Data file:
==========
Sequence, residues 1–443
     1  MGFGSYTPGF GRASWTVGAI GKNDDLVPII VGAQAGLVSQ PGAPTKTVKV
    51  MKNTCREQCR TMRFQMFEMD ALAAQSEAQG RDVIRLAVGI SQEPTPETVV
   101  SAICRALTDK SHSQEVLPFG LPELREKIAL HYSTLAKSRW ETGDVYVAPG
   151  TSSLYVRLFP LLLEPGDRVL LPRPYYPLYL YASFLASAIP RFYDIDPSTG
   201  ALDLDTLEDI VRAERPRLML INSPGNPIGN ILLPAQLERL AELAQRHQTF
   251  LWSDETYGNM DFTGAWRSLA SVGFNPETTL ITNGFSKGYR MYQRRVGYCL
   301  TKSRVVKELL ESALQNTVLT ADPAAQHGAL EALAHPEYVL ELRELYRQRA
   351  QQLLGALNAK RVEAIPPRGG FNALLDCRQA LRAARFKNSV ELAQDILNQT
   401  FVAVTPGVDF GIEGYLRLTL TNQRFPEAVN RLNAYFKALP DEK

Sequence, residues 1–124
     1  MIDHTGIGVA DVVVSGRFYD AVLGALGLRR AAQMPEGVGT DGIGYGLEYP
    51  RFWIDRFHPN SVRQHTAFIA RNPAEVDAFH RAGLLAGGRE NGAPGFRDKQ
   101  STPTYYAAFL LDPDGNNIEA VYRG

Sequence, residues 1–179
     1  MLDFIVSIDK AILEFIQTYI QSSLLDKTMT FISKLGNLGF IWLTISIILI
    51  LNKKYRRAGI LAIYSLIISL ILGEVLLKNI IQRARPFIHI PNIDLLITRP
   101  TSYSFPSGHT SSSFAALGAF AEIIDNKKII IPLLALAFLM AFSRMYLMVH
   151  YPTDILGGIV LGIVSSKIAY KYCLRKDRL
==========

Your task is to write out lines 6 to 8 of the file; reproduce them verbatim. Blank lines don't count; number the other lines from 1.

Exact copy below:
   201  ALDLDTLEDI VRAERPRLML INSPGNPIGN ILLPAQLERL AELAQRHQTF
   251  LWSDETYGNM DFTGAWRSLA SVGFNPETTL ITNGFSKGYR MYQRRVGYCL
   301  TKSRVVKELL ESALQNTVLT ADPAAQHGAL EALAHPEYVL ELRELYRQRA